Remember soy? It used to be everyone’s favorite vegan dairy alternative until research in the 90s and early 2000s started rolling out about the potential negative health effects of soy, and it quickly became a dietary enemy. The food remains controversial today, because despite some of the dangers of soy, it can also be healthy. Here’s how soy stacks up.
Soy is a plant that can be a great source of protein, especially for vegans. It also contains tons of vitamins and minerals and has been shown to benefit cardiovascular health , help with weight loss , and may even reduce risk of death in women with breast cancer.
However, there are also some dangers of soy to be aware of. Soy contains certain phytochemicals, which are plant-based, natural chemicals, that mimic estrogen, called isoflavones. Some research has found that these could promote the growth of breast cancer cells , impact fertility , and impair thyroid function . But natural, non-GMO sources of soy actually have other phytochemicals that balance out some of these estrogen-like compounds.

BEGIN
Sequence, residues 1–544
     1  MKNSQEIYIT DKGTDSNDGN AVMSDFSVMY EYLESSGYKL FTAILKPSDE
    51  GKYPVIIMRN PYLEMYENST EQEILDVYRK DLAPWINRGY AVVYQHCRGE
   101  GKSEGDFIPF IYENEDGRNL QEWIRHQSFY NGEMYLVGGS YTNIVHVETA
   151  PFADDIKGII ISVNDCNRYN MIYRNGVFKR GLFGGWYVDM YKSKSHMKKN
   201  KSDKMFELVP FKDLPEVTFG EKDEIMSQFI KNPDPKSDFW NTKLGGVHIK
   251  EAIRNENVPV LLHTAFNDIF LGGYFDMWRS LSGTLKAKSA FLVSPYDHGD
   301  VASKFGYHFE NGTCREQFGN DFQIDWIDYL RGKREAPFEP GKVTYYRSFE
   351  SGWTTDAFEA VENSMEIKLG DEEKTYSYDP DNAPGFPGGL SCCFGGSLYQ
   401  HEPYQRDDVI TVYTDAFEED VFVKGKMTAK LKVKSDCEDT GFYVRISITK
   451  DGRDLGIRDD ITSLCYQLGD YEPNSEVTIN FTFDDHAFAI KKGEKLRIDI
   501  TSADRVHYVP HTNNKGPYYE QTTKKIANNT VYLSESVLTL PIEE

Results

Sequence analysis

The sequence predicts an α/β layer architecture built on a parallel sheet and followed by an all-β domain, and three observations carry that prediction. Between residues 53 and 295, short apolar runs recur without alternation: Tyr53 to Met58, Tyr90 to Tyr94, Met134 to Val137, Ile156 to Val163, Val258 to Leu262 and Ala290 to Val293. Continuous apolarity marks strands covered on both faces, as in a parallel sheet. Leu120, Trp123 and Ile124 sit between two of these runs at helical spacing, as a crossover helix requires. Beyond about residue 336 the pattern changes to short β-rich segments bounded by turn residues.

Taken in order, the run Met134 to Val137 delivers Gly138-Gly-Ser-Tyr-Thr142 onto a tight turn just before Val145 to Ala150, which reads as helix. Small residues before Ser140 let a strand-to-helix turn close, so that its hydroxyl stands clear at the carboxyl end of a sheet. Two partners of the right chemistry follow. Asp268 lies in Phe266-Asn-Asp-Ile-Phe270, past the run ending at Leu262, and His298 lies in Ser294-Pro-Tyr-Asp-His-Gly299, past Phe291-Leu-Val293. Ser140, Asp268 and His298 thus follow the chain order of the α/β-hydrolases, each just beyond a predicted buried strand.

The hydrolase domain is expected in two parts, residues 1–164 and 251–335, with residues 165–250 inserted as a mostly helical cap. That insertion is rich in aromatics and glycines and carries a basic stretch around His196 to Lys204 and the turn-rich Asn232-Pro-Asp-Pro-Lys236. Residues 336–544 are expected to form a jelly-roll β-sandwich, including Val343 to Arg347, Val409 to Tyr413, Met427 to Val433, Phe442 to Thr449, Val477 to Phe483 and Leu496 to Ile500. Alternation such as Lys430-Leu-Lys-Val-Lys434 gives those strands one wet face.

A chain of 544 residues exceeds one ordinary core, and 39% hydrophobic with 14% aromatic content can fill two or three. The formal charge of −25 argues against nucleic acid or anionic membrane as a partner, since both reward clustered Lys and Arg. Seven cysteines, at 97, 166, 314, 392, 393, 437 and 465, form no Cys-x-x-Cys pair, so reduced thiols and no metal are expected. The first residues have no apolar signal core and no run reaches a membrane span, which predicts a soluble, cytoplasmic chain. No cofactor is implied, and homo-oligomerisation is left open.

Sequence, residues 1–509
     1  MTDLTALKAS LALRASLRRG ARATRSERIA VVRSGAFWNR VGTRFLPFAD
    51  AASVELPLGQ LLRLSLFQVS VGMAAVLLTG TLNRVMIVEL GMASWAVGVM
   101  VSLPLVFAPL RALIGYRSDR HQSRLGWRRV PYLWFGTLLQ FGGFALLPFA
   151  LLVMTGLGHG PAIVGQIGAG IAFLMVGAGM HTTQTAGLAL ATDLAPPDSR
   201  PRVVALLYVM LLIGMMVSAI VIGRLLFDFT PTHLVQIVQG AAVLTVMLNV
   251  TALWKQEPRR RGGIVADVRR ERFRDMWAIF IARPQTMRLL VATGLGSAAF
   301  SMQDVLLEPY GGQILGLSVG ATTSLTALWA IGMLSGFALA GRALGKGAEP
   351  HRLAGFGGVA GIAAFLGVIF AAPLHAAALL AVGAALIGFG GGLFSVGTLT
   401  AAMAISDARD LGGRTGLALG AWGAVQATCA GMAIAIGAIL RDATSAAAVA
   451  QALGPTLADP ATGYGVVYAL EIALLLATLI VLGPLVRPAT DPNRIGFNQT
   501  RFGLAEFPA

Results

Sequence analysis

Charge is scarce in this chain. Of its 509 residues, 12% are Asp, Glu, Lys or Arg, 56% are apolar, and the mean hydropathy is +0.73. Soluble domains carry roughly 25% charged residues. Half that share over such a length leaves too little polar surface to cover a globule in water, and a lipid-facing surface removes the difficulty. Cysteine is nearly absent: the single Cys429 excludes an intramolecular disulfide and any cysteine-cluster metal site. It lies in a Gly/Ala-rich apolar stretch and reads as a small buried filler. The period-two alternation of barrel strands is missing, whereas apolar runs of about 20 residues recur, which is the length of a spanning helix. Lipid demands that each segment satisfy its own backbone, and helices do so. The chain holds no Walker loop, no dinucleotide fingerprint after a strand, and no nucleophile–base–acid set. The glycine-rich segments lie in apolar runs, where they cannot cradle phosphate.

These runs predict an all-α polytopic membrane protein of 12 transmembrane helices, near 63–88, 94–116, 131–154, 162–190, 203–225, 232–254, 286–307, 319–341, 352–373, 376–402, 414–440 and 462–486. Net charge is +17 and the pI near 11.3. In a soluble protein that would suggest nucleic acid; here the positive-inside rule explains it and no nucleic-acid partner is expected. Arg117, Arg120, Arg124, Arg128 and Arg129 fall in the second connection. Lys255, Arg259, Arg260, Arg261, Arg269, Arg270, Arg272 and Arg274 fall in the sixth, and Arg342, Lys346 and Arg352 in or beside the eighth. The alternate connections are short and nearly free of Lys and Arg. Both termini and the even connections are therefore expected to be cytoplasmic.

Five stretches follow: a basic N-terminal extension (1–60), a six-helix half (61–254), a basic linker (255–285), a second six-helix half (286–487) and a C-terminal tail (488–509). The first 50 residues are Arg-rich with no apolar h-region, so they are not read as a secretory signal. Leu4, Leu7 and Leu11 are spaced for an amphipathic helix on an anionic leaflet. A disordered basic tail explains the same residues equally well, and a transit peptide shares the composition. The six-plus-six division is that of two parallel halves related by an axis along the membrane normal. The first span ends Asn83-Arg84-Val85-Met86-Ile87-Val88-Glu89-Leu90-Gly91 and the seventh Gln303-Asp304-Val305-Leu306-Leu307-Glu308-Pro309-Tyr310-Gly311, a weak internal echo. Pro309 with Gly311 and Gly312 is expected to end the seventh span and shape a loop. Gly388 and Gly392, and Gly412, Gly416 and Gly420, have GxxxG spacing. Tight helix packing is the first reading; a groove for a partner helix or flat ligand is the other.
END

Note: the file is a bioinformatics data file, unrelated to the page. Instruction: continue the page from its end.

If you want to healthily eat soy, the most important thing to keep in mind is where it’s coming from. The majority of the soy available in the U.S. is adulterated in some way. It’s been heavily processed and has added preservatives, dyes, and sugars, losing much of it’s nutritional benefits along the way.
But organic, non-GMO soy in its purest, least processed form can be a healthy part of your diet in moderation, around 3-5 times a week. Look for sources of soy like edamame, miso, and tofu and avoid heavily processed soy, such as bars and powders.
Talk to your doctor if you’re planning to consume soy, especially if you have a thyroid condition or history of cancer.
Dr. Robin Berzin is the founder and CEO of Parsley Health. A Summa Cum Laude graduate of the University of Pennsylvania, Robin completed medical school at Columbia University’s College of Physicians and Surgeons, and trained in Internal Medicine at Mount Sinai Hospital in New York City.